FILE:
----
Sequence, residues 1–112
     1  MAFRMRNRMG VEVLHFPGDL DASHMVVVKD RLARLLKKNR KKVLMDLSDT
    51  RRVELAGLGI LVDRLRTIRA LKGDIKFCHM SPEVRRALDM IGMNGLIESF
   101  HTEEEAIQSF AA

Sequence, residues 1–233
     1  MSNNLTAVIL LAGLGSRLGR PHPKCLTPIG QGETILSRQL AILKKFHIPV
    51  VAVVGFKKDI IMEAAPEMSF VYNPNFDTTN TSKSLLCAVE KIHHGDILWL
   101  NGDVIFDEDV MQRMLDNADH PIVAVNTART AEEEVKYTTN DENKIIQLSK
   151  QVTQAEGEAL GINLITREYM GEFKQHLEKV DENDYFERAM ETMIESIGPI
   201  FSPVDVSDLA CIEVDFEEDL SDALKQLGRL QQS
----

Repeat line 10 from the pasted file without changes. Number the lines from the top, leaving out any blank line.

   201  FSPVDVSDLA CIEVDFEEDL SDALKQLGRL QQS